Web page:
Tim, Jack Margaret 2006
Tim, Andrew, Anna, Margaret 2017
Andrew is VERY excited about Christmas. He has been a little more "hands-on" with our two trees than I'd prefer, but so far breakage has been minimal. Without a peep from me about Santa, he is very much on board with the jolly guy delivering him a fire engine down the chimney in a few weeks. I'm guessing he got this intel from Mickey Mouse and Llama Llama on TV.
We've also been reading books and talking about Baby Jesus. Last week Andrew messed with a present I bought for a local charity. When I asked him about it, he said, "I think Baby Jesus came into our house and broke it." Wonder if he thinks Jesus used the chimney? It was pretty funny.
Guess who else is looking forward to Christmas?
I wanted to let you know that, because some of you are in the early days and months of grief, and the holidays are something to be endured, ignored, slogged through, and merely survived, not enjoyed or anticipated. It is hardly conceivable to you that someone who has endured great loss as you have would be able to look forward to ANYTHING again, let alone precious family traditions. I see you. I hear you. I understand that at a deep level. All you can do at this point is hold on and be gentle to yourself. If I can provide any measure of hope to you, I want to do that. And if hope seems like far too much, I want to bear witness to your pain.
Many others of you were with me those first few years when I showed up for holidays in order to be there for Margaret and to continue family traditions. It was brutally painful. You prayed us through those days. Thank you.
Last week, as Margaret and I hung ornaments, she said, "I love Christmas! The decorations, the music, everything." I was shocked and happy to hear this. First, because teenage girls tend not to express a love or appreciation of much, but also because I'd wondered whether Christmas was ruined for her 7 years ago when her childhood became a clear Before/After.
My own optimism is enriched by the opportunity to experience the joy and magic of Christmas with a small child again, but it is not BECAUSE OF THIS. Some factors have been the passage of time, giving myself permission to mourn, and an eventual re-framing of my thoughts about death. I see death as a transition now, versus an ending. Just as Margaret's Christmases faced a transition, a very painful one, when Jack died, they did not end there. In death, Jack transitioned to heaven, but nothing about him, except his physical presence has ended.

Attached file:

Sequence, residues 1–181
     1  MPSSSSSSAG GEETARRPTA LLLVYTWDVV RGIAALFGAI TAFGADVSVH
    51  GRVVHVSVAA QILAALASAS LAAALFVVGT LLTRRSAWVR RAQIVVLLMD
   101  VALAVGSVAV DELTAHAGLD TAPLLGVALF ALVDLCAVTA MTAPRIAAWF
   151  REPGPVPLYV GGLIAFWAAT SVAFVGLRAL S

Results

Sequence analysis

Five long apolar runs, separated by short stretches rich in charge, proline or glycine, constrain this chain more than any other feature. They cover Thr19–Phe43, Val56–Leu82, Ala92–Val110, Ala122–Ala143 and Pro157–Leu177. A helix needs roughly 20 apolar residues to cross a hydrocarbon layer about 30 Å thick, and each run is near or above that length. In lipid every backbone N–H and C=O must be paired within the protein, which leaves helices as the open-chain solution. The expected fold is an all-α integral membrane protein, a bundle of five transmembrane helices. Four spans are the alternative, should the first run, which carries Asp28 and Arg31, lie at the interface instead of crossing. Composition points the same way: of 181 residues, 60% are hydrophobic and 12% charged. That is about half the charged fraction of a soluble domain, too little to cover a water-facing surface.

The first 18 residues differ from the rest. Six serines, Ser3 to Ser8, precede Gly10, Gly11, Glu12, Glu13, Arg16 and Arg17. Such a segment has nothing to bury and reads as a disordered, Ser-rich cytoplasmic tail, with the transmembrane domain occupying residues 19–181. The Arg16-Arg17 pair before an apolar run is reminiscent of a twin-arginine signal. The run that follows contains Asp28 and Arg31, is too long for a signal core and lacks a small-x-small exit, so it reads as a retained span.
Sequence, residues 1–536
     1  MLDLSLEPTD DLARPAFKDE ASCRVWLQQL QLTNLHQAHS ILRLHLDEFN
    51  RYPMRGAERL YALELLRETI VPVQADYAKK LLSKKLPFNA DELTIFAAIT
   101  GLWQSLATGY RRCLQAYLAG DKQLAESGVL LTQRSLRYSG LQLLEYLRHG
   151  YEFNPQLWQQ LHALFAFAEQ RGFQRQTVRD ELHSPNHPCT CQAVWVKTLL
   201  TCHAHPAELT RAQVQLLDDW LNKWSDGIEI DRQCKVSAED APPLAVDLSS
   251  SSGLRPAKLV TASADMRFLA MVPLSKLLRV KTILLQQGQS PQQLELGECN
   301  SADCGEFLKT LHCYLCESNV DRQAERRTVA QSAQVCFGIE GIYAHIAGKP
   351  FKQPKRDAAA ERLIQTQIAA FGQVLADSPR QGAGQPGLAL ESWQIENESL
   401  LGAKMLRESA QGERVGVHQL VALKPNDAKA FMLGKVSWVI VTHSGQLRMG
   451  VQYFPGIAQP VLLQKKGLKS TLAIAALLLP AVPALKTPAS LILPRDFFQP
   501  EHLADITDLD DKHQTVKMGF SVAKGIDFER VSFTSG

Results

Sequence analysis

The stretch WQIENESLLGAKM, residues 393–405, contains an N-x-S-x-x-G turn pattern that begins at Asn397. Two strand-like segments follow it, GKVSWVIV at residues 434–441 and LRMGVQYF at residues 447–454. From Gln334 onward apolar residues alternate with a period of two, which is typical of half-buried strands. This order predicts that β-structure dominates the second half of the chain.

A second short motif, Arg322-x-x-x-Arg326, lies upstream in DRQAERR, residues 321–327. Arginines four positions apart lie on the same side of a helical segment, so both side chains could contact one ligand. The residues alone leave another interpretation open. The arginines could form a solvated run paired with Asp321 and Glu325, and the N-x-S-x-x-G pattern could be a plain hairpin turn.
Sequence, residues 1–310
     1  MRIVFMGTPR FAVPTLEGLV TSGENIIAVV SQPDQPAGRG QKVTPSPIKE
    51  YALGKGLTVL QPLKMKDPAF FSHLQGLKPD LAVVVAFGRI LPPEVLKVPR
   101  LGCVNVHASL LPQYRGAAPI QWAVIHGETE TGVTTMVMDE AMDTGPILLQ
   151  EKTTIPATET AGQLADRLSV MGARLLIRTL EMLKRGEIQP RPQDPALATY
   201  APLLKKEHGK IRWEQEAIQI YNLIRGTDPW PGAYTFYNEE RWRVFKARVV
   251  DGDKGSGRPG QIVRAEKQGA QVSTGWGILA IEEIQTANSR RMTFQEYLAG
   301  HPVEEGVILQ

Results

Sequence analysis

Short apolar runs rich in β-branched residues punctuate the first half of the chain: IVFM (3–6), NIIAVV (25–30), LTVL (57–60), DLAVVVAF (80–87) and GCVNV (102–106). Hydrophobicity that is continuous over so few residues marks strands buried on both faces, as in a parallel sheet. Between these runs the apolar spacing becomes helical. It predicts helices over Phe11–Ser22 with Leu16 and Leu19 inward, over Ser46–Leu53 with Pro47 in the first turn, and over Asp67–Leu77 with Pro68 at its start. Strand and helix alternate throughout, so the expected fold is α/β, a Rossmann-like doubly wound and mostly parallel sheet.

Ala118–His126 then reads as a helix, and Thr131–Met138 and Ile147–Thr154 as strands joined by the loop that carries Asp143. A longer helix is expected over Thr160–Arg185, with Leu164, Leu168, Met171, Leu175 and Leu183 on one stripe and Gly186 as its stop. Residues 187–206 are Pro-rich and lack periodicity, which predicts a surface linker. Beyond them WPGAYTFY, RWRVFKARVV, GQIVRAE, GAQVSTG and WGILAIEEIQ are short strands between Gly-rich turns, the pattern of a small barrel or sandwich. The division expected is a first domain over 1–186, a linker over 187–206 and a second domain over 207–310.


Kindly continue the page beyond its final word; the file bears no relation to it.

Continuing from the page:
In the early years, naturally so, I grieved his physical presence mightily. Having a toddler to kiss and snuggle again reminds me even more of what it is like for a mother to be so physically enmeshed with a beloved child as to know every part of him/her. No part of Andrew is foreign to me.
My own thinking has landed at there being a time for everything, and that although I do not understand why Jack's time here on earth, or my mother's, was so short-- and why mine is longer, I am learning to accept that. The brittle bag of bones I felt like just a few years ago has been replenished with life and hope, despite new wrinkles and the scars I carry. This is not something that can be forced or rushed, and you will NEVER find me pushing it on anyone else. Forced peace, inflicted gratitude, and faked acceptance is not helpful or healing.
Instead, I will just say I'm really looking forward to the holidays this year. And if you are not, I see you, I care, and you don't need to be a smidge different to be here with me.
**p.s. A Hug from Heaven is Amazon's #1 New Release in Children's Death and Dying books! Email me at firstname.lastname@example.org if you would like me to send you a signed copy with FREE shipping and a photo sleeve for your loved one's picture.
**p.p.s. Right now I am having an online Stella and Dot party to raise money to support families whose kids are in cancer treatment. Please treat yourself to something awesome and help Stillbrave Childhood Cancer Foundation at the same time!